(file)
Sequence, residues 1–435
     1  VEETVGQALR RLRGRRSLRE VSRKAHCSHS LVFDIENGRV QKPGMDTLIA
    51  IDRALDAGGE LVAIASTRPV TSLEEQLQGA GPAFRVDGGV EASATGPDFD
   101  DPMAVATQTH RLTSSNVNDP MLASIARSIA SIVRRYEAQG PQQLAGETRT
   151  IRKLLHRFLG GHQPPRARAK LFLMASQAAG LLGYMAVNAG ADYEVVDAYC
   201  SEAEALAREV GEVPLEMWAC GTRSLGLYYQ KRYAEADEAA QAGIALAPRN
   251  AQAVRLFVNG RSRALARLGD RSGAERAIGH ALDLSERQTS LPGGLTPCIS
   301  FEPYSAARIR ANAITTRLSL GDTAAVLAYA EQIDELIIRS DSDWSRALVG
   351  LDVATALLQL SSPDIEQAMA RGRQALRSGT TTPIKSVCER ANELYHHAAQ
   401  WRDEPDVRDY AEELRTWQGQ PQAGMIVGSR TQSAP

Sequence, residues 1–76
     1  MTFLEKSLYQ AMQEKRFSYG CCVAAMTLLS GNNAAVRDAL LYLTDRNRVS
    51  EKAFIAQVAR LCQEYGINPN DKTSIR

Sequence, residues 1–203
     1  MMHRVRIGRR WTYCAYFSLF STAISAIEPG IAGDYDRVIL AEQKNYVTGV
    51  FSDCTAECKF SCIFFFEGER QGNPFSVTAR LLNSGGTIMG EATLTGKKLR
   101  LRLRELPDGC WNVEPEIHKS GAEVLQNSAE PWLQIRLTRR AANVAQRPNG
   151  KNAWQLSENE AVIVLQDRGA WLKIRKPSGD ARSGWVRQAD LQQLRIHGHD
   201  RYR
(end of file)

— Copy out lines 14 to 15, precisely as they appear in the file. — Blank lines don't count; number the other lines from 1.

Sequence, residues 1–203
     1  MMHRVRIGRR WTYCAYFSLF STAISAIEPG IAGDYDRVIL AEQKNYVTGV